Thursday 21 November 2013

Caesar Must Die [2012]

Directed by Taviani brothers, octogenarians Paolo and Vittorio, Caesar Must Die, their first directorial venture in 6 years and hailed by many as their return to form, is an affecting, ingenious and humanistic film that blurred the lines between fiction and documentary. Enacted by people who played themselves, viz. inmates serving long sentences (including life) from the maximum-security wing at Rome’s Rebibbia prison, it chronicled their stage production of Julius Caesar. As a critic wittily observed, “the inmates learning to act are acting like inmates who are learning to act.” It began and ended in colour with the concluding scenes from their performance in front of a rapturous audience. On the other hand, the intervening scenes, which showed the announcement of the grand event by prison authorities, selection of the cast, and their numerous rounds of individual and collective rehearsals, were shot in muted B/W. The immersive turns by the various members, particularly those who played Brutus (Salvatore Striano), Cassius (Cosimo Rega) and Caesar (Giovanni Arcuri), were particularly brilliant. And the way the characters they don so deeply affected them personally is sure to leave one touched. The tragic nature of their lives, and the choices they might have made that landed them where they were, made for a nice juxtaposition with the play. However, despite the film’s deep-set emotional wallop and poignancy, moments of humour in between, and the score that complemented the reflective tone, it didn’t feel as major a work as I was expecting – perhaps joining the characters’ violent and criminal pasts with the roles they play could have added more layers to it. But its sheer uniqueness in terms of ideation and refreshing approach made it a worthy watch.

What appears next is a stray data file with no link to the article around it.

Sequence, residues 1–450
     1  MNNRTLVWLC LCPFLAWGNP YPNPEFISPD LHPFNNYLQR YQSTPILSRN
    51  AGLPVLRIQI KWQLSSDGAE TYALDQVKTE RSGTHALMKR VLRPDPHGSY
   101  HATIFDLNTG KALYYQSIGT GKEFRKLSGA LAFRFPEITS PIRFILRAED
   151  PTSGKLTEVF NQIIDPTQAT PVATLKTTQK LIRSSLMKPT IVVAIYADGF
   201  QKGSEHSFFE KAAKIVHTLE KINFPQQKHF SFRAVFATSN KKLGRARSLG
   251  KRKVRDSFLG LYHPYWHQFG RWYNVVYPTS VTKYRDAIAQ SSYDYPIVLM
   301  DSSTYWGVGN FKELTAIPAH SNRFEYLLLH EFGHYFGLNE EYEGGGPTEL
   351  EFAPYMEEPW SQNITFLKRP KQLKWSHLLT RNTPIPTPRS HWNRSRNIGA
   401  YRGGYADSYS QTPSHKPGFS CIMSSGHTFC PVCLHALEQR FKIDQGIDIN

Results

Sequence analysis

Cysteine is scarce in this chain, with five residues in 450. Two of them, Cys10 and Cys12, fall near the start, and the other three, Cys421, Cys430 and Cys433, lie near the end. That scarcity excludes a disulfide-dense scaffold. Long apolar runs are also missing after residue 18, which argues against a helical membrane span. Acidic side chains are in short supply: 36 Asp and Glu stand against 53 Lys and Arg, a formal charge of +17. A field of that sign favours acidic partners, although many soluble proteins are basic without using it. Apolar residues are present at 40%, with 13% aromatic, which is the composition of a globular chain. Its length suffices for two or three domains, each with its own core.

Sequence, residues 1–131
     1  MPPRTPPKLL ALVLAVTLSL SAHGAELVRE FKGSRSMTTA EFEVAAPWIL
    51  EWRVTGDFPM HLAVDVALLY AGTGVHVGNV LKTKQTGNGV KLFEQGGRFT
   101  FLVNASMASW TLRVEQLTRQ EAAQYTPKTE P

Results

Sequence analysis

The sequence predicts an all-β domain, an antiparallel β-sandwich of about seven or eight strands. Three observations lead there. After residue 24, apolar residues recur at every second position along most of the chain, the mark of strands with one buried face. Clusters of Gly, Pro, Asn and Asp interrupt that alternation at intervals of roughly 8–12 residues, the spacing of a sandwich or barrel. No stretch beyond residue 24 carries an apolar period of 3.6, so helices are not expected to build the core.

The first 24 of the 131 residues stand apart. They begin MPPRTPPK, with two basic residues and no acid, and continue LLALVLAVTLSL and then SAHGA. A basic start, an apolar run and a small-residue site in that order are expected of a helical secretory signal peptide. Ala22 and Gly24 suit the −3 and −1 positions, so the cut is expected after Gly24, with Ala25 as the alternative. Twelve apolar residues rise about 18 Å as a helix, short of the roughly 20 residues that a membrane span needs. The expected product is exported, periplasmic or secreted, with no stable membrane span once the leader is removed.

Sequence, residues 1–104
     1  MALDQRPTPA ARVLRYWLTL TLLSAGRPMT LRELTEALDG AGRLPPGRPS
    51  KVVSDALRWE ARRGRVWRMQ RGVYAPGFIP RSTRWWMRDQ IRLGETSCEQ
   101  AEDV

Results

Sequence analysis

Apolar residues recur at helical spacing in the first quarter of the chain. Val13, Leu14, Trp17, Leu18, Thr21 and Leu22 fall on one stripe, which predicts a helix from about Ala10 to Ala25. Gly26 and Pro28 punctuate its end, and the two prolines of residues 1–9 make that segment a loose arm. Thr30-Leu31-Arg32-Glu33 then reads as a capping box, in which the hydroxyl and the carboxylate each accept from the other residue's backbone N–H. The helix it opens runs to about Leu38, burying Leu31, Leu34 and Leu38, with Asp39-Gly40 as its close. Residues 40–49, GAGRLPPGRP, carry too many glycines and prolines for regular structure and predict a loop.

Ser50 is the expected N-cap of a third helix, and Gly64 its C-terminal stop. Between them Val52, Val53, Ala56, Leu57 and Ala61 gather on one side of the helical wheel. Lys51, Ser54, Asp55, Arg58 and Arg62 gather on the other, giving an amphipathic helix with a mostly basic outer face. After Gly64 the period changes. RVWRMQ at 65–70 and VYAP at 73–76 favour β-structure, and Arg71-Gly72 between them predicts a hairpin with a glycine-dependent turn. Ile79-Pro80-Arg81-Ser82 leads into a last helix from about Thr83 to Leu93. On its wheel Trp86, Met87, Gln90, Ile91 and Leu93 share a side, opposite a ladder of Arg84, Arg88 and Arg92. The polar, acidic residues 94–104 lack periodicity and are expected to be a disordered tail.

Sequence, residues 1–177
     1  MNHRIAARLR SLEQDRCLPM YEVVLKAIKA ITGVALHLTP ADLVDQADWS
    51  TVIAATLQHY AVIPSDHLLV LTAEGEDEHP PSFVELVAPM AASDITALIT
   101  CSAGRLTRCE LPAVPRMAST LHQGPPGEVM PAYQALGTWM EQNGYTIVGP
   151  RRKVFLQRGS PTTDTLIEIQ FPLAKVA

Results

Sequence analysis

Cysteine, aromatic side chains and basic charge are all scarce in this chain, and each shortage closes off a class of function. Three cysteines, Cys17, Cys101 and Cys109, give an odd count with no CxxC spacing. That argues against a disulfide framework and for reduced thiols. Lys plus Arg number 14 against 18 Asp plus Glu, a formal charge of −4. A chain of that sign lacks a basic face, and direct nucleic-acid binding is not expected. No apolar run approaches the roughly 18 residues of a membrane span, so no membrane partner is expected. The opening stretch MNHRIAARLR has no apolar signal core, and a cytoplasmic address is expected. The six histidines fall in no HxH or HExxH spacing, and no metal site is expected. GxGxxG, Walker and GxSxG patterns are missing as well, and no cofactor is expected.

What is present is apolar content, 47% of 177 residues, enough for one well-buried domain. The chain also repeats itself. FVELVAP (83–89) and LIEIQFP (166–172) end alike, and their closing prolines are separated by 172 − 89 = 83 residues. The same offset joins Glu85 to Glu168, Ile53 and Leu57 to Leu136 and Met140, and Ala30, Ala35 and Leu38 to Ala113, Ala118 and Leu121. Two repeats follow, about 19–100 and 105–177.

p.s. Watched this as part of 2013 Kolkata International Film Festival (KFF)

Directors: Paolo & Vittorio Taviani
Genre: Documentary/Docu-Drama
Language: Italian
Country: Italy


Sam Juliano said...

CAESAR MUST DIE is a novel idea embracing the real and imagined, but this Italian drama-film based on Shakespeare never manages to connect on a the human level that “Julius Caesar” did, and despite some brilliant sections, it’s often a tedious watch and listen. This is how I felt after seeing it back in February Shubhajit, but I am willing to give it another shot. I like the Taviani brothers, and anything dealing with the Bard always pulls me in hook, line and sinker, but for some reason I wasn't all that engaged. certainly your tremendously insightful piece makes a strong case for another viewing.

Shubhajit said...

Thanks Sam. Well, I did like it, though I'm sure awarding it with Golden Bear at Berlin was stretching it too far. I felt the film could have been really brilliant had some strong connection/parallels been drawn between the play and the people who play the various characters. Nonetheless, I did like its humanism, the novel approach & its gently affecting quality. But yes, I do understand your point of view as well.